All posts by Sharon Gutowski

Creative Thinker, Cartoon Aficionado, Google Analytics Certified, Skilled Writer. Sharon's published work spans the fields of militaries and social media. She also deftly figured out long ago what coffee and genetic testing have in common (they're both wake-up calls).

U.N. Using Tech to Cut Poverty in Half by 2015 (Part 2 of 2)

In Part 1, I wrote about the role of technology in addressing the first three UN Millennium Development Goals: eradicating hunger and poverty, achieving universal primary education and empowering women. In part 2, I’ll share the role of technology is reaching MDGs four to eight.

MDG # 4: Reduce Child Mortality
NovoEd, a Stanford University start-up is a massive open online course program with an emphasis on social sharing. Rather than focusing primarily on free lectures, NovoEd encourages students to join with other students to address bigger problems. One result is this ambitious design for a mobile app to address child malnutrition. The proposal for the First 1,000 days is an excellent resource for research into the problems of malnutrition and the many factors that affect it.

Real time information has an enormous impact on preventing child deaths. Check out this video about mobile messaging in Uganda. This system allows health clinics to avoid running out of medication and connect with field workers before an outbreak becomes unmanageable.

MDG # 5: Improve Maternal Health
In many poor countries, electricity is a precious commodity, rationed and limited even in the hospital and maternity ward. These portable solar power suitcases offer a compact solution and show that technology relevant to one MDG, like the environment, can be useful in addressing another.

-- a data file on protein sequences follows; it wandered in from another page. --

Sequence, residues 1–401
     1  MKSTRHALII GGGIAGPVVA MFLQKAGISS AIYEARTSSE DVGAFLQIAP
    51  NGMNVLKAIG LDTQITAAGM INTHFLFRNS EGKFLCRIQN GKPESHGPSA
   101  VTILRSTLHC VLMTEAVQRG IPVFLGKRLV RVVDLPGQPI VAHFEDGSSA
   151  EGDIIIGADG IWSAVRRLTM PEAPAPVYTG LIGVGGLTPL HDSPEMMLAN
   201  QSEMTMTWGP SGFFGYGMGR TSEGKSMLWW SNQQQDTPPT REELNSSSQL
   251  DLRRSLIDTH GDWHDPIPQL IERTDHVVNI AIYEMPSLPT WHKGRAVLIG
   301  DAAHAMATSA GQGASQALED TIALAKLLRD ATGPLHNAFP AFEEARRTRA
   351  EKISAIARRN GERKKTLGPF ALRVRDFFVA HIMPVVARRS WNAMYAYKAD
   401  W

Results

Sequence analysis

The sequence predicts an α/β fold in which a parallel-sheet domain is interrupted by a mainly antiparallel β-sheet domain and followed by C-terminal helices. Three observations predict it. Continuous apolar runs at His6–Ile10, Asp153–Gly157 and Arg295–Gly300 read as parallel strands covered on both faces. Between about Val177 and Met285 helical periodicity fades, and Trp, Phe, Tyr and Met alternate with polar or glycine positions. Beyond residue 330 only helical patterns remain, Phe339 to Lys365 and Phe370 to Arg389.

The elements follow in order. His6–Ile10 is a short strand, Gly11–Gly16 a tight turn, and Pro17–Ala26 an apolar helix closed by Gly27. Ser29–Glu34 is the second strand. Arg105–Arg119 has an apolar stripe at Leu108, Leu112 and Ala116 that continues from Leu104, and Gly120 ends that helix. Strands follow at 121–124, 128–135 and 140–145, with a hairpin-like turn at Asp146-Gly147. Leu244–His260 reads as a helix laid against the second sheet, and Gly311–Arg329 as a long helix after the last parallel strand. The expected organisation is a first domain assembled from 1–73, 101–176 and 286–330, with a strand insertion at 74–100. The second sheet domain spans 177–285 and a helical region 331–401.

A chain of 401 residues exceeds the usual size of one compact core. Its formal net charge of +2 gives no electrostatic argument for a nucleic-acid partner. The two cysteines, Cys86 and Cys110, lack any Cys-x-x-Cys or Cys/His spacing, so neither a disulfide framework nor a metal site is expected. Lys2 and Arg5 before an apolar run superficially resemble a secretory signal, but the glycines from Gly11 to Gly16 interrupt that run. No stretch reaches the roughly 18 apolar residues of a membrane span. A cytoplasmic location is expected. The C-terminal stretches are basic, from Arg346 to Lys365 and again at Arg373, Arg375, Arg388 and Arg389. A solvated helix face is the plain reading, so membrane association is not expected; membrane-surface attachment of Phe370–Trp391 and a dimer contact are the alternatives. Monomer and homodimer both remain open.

In Bangladesh, 2 out of 3 people use SMS messaging, but few women receive adequate prenatal care and three quarters give birth in their homes. A new program delivers pregnancy related SMS updates. It’s easy to register and it incorporates voicemails to address illiteracy. TV and radio ads, as well as field workers and partner organizations work to make sure women know about this resource. The government covers the SMS cost for the approximately 20 percent of women who can’t afford it. Read more about this initiative here.

MDG # 6: Combat HIV/AIDS, Malaria and Other Diseases
This is another MDG that disproportionately affects women. In some parts of the world, being a married woman is one of the highest indicators of being HIV positive. Even in marriage, women in some parts of the world do not have the authority to demand use of a condom. The Bill & Melinda Gates Foundation, another place on my hope-to-work-for list, has decided to make condoms more appealing to men. This approach makes a lot of sense. Click here to read about their research and development efforts to prevent the spread of sexually transmitted diseases and promote family planning with better condoms.

MDG # 7: Ensure Environmental Sustainability
“Green” is one of the most overused and least defined words. Does it mean organic produce? LEED certified buildings? Reduced use of electricity? LEED certification has become popular in the US, but for developing countries, it’s still a luxury. The International Finance Corporation of the World Bank is testing a similar program in India, China, Brazil and South Africa. Because climate change is expected to hit poor countries hardest, this is an especially important challenge to address.

UNICEF engaged the general public in the developed world with a mobile campaign, tap project. This project highlights major consequences of poor environmental regulation and infrastructure – disease form contaminated water and poor sanitation.

MDG # 8: Develop a Global Partnership for Development
No one example jumps out at me for the eighth MDG. Looking over the examples, it’s clear that the private sector is taking an interest in the well-being of populations around the world. As all of our systems become more interconnected, it makes sense. The stability of a sea port in Asia will directly affect an entire supply chain. And as the general public becomes more aware of issues like human trafficking, MBA programs have responded with programs that emphasize corporate social responsibility. The landscape is more nuanced than the brand-shaming atmosphere of the 1990s.

After 2015 – the Way Forward